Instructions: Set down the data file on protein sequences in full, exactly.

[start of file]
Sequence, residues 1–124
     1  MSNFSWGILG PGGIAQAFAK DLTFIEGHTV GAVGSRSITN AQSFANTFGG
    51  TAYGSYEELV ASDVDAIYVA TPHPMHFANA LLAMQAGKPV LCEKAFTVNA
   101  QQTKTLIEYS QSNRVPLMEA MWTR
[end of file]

Sequence, residues 1–124
     1  MSNFSWGILG PGGIAQAFAK DLTFIEGHTV GAVGSRSITN AQSFANTFGG
    51  TAYGSYEELV ASDVDAIYVA TPHPMHFANA LLAMQAGKPV LCEKAFTVNA
   101  QQTKTLIEYS QSNRVPLMEA MWTR